Attention now shifts to the miners' health and adjustments to the world after spending 69 days more than 2,000 feet below the surface, and on the government, charged with protecting workers' safety, CNN reported.
"I hope this will never happen again," said shift foreman Luis Urzua, the last miner to emerge from the gold and copper mine near Copiapo Wednesday evening, as he and Pinera embraced.
Rescue worker Manuel Gonzalez, the first person to reach the miners using a custom-made rescue capsule dubbed Phoenix 2 and the last of six rescuers brought to the surface, also urged Pinera to push for safety of the workers.
"I hope we have learned from it and that Chilean mining will be different," Gonzalez told Pinera. "I hope that things will be done correctly -- especially dealing with small mining concerns -- that things be done right," Gonzalez told the president. "This is what I want."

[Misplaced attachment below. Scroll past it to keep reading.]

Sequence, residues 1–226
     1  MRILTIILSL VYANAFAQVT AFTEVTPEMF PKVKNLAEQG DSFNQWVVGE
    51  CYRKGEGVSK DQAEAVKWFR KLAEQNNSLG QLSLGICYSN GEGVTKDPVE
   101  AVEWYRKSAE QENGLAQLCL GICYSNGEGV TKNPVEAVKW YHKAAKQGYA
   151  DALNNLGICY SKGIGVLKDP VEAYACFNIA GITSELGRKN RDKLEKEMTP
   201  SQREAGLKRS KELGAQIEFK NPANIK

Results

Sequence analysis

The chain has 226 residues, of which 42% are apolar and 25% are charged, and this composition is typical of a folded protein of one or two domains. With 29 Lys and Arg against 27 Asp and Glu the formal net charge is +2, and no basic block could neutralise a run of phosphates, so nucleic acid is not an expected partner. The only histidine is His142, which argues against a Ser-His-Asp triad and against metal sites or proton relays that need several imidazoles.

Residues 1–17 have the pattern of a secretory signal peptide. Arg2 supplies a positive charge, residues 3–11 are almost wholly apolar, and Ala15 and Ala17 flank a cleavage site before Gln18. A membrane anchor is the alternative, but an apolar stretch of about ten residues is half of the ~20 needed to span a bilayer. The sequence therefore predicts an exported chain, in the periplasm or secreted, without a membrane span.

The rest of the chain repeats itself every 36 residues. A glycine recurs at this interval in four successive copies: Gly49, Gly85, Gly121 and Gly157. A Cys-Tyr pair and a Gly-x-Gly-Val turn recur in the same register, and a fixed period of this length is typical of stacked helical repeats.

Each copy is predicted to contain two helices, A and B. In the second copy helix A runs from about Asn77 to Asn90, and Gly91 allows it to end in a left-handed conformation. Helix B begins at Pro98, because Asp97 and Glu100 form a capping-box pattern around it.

Pinera said the San Jose mine should "never should have functioned as it was functioning" because of a lengthy history of violations.
"I want to announce to the Chilean workers and the employers that we are going to make a new pact in which the life, dignity and protection of workers will be the focus of government concern," he said.
Representatives of San Esteban Mining Co., the owner of the mine, have said they will cooperate with Chilean authorities and lawmakers in their investigations into what cause the Aug. 5 cave-in.
U.S. President Barack Obama called Pinera Thursday to congratulate him and his government on the rescue, the White House said.
Obama said the rescue was "a tribute not only to the determination of the rescue workers and the Chilean government, but also the miners and the Chilean people who have inspired the world," the White House said in a statement.
Pinera thanked Obama, the U.S. government and U.S. companies and individuals who helped the rescue efforts, the statement said.